Restaurant Review: Visitors and locals should soak in the vintage charm at Karl's in the Siren Hotel

The throwback, all-day eatery from chef Kate Williams excels at comfort foods and Detroit pride

Melody Baetens
The Detroit News

When you have guests in from out of town, you want them to see the best side of your home. 

This is why I'm so glad that when travelers visit Detroit and stay at the Siren Hotel, the first restaurant in the city they're likely to see is Karl's. And for those who never leave their hotel when traveling on business, if Karl's is the only Detroit restaurant you see, I'm OK with that, too. 

Karl's is located on the second floor of the impossibly cute Siren Hotel, a boutique gem that is also home to the blush Candy Bar, Populace Coffee (their joe is served at Karl's, too), chef Garrett Lipar's eight-seat tasting room Albena and other super-hip destinations. 

Following the sign that says "ham sandwiches" with an arrow pointing up a marble staircase, guests find themselves in chef Kate Williams' mid-century wonderland where chrome touches and a vintage pale green pour over much of the polished dining room.

Chrome touches and a vintage pale green pour over much of the polished dining room at Karl's Coffee Shop.

This area has banquette seating, tables and chairs and super cute two-person booths that really give off a old school feeling. It almost seems like there should be tiny, black plastic ashtrays on the tables. 

The bar area has rosy pink lounge seating, some tables for larger groups, and a view of downtown that puts you eye-level with the People Mover. Large potted plants give it a Florida-room vibe. This area is decked out with Detroit paraphernalia from throughout the decades, including nods to local sports teams and other institutions. 

The warm, fuzzy Americana feeling continues on the menu, both art-wise and the actual bill of fare.

Think juicy patty melts, hardy white beans on toast, sizzling steak and eggs, mounds of chicken salad plus throwback drinks like milkshakes and boilermakers. If aspic (those gross-looking gelatin meat dishes from the 1950s) ever comes back into vogue I'd expect chef Williams to find a way to have the best in town. 

Detroit News glasses are seen around the restaurant at Karl's Coffee Shop.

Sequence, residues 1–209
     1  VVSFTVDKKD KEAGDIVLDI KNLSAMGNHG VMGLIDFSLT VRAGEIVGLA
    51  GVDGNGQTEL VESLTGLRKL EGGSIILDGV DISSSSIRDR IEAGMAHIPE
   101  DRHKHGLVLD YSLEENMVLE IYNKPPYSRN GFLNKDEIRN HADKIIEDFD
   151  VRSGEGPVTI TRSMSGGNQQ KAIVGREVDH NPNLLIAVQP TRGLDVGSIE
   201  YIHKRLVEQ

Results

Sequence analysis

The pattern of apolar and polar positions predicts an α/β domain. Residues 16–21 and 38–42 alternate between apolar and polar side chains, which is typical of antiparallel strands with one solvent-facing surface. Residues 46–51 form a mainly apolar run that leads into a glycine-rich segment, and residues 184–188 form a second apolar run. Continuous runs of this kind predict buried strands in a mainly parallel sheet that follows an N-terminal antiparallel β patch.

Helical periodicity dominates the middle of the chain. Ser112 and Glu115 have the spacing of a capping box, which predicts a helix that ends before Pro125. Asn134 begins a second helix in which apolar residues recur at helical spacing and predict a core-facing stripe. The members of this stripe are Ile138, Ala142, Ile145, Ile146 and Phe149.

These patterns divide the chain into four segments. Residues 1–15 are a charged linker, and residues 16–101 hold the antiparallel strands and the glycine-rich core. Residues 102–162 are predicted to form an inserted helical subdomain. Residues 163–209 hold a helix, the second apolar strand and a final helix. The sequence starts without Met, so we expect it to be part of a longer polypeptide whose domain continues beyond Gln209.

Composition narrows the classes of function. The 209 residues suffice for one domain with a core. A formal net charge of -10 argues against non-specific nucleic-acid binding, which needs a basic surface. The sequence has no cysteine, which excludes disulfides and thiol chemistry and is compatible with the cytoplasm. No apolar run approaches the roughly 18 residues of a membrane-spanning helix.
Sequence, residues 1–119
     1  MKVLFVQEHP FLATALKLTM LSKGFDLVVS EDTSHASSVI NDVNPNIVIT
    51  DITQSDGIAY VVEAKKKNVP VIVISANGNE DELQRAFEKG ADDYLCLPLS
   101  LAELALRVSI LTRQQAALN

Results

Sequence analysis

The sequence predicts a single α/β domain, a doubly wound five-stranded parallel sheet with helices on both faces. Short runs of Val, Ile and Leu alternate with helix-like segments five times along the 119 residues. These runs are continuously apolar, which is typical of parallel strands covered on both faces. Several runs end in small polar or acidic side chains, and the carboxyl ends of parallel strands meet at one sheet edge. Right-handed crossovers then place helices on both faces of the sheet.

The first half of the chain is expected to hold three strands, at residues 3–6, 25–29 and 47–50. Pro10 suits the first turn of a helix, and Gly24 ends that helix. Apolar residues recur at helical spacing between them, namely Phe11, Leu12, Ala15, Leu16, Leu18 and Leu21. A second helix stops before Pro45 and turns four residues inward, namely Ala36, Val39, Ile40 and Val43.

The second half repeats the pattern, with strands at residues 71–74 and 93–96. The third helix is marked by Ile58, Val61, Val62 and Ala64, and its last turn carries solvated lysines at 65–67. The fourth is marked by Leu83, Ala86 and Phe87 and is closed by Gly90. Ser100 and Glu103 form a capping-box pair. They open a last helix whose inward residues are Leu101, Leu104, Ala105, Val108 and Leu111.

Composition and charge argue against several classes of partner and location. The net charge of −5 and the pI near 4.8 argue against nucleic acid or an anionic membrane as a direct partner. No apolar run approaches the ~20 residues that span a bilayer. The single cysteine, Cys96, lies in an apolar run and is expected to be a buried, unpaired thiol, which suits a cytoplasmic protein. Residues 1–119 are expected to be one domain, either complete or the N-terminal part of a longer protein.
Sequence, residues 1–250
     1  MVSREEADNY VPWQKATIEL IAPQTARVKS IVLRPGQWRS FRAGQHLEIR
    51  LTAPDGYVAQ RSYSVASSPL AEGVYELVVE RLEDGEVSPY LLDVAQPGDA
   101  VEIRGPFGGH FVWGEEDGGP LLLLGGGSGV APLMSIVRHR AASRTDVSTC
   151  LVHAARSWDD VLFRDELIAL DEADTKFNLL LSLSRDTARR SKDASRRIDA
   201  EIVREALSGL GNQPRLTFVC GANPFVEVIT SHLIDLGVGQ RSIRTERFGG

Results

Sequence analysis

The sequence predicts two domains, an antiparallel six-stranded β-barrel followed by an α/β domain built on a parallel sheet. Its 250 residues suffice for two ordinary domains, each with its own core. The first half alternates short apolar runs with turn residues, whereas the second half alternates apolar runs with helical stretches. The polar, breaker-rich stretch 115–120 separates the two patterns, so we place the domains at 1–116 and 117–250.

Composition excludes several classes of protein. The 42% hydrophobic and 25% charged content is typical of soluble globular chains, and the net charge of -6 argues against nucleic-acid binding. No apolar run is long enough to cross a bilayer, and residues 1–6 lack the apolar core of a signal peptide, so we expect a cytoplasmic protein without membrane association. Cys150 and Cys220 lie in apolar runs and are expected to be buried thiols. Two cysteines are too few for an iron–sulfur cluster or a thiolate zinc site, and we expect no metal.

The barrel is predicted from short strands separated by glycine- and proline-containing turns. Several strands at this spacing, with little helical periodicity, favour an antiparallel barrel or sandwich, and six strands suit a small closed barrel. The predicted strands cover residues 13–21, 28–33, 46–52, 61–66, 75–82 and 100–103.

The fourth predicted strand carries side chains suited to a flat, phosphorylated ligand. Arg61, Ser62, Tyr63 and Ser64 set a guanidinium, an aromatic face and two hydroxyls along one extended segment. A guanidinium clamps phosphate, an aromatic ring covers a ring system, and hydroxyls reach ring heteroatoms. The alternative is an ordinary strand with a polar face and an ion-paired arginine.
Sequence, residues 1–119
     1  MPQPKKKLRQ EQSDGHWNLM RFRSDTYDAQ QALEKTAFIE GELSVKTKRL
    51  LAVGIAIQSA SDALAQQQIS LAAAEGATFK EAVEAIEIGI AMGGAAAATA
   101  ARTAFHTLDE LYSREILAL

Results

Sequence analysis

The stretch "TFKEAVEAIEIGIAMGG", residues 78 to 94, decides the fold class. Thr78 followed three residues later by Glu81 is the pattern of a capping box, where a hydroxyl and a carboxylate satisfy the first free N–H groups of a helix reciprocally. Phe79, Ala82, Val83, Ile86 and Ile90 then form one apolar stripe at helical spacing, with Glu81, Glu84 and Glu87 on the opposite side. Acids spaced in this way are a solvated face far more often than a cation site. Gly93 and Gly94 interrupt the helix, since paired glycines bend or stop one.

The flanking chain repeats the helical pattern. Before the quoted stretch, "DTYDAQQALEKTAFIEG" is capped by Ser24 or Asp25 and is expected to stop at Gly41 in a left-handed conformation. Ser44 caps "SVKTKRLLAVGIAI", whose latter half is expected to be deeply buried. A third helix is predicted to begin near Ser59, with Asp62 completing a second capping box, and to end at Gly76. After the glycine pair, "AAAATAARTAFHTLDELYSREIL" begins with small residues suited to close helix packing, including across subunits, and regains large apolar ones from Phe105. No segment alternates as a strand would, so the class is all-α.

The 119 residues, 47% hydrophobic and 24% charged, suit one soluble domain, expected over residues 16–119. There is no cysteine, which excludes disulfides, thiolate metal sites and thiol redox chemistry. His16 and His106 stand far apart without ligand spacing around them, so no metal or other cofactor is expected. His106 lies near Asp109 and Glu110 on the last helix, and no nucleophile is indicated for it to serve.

Everything I've tasted here has been comforting and filling, even the massive wedge salad which has a unique twist at Karl's. First, the toppings are kind of layered within the iceberg wedge, ensuring that you get crisp, salty, cheesy flavors in each bite. It's also dusted with everything bagel seasoning, making me wonder why more things aren't dusted with everything bagel seasoning. 

Other salads on the menu include the classic Detroit Maurice, named Barb's Maurice after the chef's mom, and the Wurlitzer salad with chickpeas, red peppers, cucumber and tahini sauce, giving it a Middle Eastern vibe. 

Another interesting dish is the white beans on toast. It's a plate of large, un-mushed beans dressed with chives, olives, cilantro and other greens that smother two pieces of white toast. It's aromatic and very filling. I couldn't finish a plate for lunch, but I also had with it more than a few spoonfuls of the creamy tomato soup that is offered daily. 

A fabulous lump of roasted chicken salad is served a similar way as the beans, surrounded by toast triangles instead of on bread like a sandwich. Karl's crunchy, chef-y twist on this lunchtime staple has fried onions, tiny green onions and chopped apples. 

Other standouts are the patty melt served with good fries (some skin on, deeply fried, not soggy) and the ham sandwich. The latter has a generous portion of buttery, thin-sliced ham with pickles and mustard on toast. 

The flavorful, crunchy chicken salad from Karl's comes with toast.

Can I gush a little more about the decor? Diners' eyes have plenty to feast on while waiting for their food, including framed photos of Williams' family and other black-and-white photos from yesteryear. 

Across the black-and-white checkered floor, near the host stand, is a shiny Wurlitzer, a working jukebox that is a different kind of nod to the past. The Siren Hotel is the once-crumbling Wurlitzer Building, which was purchased and renovated by ASH NYC, developers from the big apple. 

The jukebox plays everything from "I Think We're Alone Now" by Tiffany to George Clinton's "Atomic Dog," plus a lot of older pop, rock and country jams.  

Karl's is a nice, hip hotel restaurant disguised as a diner. Don't expect cheap diner prices; this is not a coney. Like Williams' other restaurant, the acclaimed and majestic Lady of the House, the food here is sourced thoughtfully and is of high quality.

Twitter: @melodybaetens


Second floor of the Siren Hotel

1509 Broadway, Detroit

(313) 855-2757

Rating: ★★★ (excellent)

Hours: 10 a.m.-1 a.m. Sun.-Thurs., 10 a.m.-2 a.m. Fri.-Sat. Open Thanksgiving 9 a.m.-3 p.m. for buffet service. 

Prices: $4-$13 breakfast items; $12-$26 mains; $5-$9 sides and soup; $4-$9 baked goods and desserts; $6.5-$14 cocktails and boilermakers; $2.50-$7 beers; $10-$26 by the pitcher;  $10-$12 wine by the glass; $50-$60 by the bottle. 

Reservations: Walk-ins welcome. Reservations accepted for larger parties. 

Noise level: Low to medium, louder during peak lunch and dinner rush

Accessibility: No barriers. There's an elevator for those who can't manage the stairs. 

Parking: Valet parking available. Availability of downtown surface lots or garages varies. 

What the stars mean: 

★ — routine

★★ — very good

★★★ — excellent

★★★★ — extraordinary